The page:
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Three Reasons Your Employees Need Better Feedback

By Melissa J. Anderson

According to a new study by Gallup, employees say they are receiving little feedback and recognition on the job. But, the research shows, feedback is necessary for a well-functioning workforce. In a recent article in the Gallup Management Journal, Steve Crabtree wrote:

“Personalized feedback and recognition aren’t just ‘frills’ that make workers feel good. Rather, they are crucial predictors of positive workplace outcomes such as employee retention and productivity. These attributes may not seem necessary to keep a workplace functioning — but they do increase the chances that it will function well.”

But based on Gallup’s global survey focused on the Q12, the organization’s “12-item assessment of engagement,” across almost every region, employees reported receiving a lack of feedback. The two lowest ranked questions were “In the last seven days, I have received recognition or praise for doing good work” and “In the last six months, someone at work has talked to me about my progress.”

According to Crabtree, this means employees across the globe aren’t performing at their highest ability. Here are three reasons to make an effort at giving employees better feedback.

1. Improve employee engagement.

Feedback-related assessments make up one sixth of Gallup’s Q12, the twelve points of measurement that make up employee engagement. Implementing or clarifying feedback-mechanisms is an inexpensive and simple way to improve engagement. According to Crabtree, many managers neglect to recognize employees for good work, because they assume employees already know what they’re good at.

But, the research shows that praise or recognition for quality work goes a long way. Managers should make a point to communicate more with workers about their strengths and progress in order to boost employee engagement.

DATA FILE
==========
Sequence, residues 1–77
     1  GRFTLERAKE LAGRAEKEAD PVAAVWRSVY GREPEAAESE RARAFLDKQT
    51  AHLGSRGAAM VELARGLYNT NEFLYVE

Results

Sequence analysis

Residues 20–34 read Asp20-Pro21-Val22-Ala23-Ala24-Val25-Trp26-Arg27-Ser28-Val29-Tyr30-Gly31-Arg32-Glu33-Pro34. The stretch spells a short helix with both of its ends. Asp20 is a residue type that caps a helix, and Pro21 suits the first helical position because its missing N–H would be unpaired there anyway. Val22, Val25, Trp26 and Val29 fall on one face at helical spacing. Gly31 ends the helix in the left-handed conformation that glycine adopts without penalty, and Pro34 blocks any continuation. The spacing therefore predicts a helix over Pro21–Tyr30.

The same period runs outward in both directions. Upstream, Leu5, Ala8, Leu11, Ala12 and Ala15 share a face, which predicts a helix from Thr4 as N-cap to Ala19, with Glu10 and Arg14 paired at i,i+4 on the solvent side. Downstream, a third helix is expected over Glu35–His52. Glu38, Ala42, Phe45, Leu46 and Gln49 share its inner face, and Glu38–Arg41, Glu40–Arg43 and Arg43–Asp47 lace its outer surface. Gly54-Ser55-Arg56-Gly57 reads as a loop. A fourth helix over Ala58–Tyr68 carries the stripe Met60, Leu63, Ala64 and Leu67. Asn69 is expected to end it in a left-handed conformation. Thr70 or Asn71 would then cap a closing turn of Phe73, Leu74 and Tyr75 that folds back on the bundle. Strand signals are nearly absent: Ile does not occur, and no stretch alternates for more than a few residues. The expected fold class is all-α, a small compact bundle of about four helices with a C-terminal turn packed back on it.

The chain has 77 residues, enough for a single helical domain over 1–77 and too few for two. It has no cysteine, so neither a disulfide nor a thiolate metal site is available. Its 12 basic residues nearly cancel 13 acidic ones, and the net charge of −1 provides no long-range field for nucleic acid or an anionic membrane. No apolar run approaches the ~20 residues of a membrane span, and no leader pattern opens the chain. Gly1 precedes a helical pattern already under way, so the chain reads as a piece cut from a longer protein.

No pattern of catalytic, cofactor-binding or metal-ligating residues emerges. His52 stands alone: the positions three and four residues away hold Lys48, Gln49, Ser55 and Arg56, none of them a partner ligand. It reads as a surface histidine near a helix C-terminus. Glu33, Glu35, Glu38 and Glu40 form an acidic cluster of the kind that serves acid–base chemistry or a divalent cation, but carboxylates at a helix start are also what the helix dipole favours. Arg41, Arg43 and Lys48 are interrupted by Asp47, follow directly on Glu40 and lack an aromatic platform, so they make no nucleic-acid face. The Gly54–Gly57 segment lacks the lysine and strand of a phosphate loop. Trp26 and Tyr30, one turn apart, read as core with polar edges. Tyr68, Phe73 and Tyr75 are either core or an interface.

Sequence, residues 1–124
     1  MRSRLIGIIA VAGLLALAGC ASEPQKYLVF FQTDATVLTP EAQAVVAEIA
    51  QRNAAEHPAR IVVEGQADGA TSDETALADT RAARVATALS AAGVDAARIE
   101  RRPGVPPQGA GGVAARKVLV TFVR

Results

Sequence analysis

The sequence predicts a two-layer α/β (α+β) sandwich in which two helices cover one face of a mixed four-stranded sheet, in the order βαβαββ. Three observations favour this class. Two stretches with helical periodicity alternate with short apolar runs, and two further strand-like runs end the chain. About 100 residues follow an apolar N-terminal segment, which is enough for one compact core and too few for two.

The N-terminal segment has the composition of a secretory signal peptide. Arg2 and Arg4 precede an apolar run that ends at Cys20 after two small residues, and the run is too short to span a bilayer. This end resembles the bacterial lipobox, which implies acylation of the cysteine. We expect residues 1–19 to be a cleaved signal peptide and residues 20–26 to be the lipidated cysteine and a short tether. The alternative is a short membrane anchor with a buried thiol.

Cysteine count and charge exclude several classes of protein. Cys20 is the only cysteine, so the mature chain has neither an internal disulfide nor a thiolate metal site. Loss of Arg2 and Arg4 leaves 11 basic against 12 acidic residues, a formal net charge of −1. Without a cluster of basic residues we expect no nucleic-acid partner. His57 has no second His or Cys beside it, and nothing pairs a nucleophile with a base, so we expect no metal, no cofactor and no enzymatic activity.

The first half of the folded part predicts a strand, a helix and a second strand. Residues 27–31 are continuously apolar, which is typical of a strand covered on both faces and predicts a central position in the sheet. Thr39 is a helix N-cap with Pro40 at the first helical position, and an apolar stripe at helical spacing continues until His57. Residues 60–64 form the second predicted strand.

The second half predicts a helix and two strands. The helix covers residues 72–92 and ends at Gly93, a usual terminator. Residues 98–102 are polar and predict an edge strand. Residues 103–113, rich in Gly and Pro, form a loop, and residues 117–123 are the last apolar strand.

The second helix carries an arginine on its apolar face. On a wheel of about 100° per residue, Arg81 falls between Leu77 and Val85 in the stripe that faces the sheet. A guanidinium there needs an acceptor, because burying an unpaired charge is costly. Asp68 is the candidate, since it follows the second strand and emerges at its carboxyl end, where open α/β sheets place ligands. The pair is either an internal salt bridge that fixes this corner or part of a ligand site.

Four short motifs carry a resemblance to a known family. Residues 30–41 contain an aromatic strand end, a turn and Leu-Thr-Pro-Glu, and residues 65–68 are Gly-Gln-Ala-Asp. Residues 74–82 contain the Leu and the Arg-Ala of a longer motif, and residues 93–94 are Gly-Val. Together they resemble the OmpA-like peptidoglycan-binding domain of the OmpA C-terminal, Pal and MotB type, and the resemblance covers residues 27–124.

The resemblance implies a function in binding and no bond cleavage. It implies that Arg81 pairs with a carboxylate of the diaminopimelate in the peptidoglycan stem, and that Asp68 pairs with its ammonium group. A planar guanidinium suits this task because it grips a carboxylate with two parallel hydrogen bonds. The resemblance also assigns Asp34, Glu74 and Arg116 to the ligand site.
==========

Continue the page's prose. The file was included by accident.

2. Boost productivity quickly.

Gains in employee engagement from improving feedback mechanisms and processes are not only long-term factors. According to the research, the results are apparent in the short-term as well. Crabtree wrote:

“Gallup’s experience suggests that instilling frequent personalized feedback and recognition is one of the surest ways to drive that shift in workplaces worldwide. And it may take less time than one might think. ‘It’s interesting that the two lowest rated elements are also the two that produce the quickest changes in organizations, once measurement and good education is put in place,’ [Jim Harter, Ph.D] says. ‘And because they are both linked to performance outcomes, in many cases those outcomes can be affected relatively quickly as well.’”

3. Gain the competitive advantage.

Finally, Crabtree says, in many global regions, recognizing individual workers isn’t a cultural norm. But it can still improve employee engagement and productivity in these areas. Managers looking to shore up their workforce in these areas can utilize improved feedback practices to gain an advantage over competitors. He writes:

“Given the low ratings worldwide for feedback and recognition, organizations that implement — or countries that encourage — effective feedback and recognition systems could gain a competitive advantage. For example, Russian labor productivity is among the lowest in the world… Motivating employees in countries like Russia to excel in their roles — rather than just exerting the minimum effort to get by — requires a critical shift in mindset and approach.”

If managers can overcome cultural barriers to providing feedback and recognition, they can motivate employees to go the extra mile – which will eventually create a competitive advantage over companies that are satisfied with the status quo.

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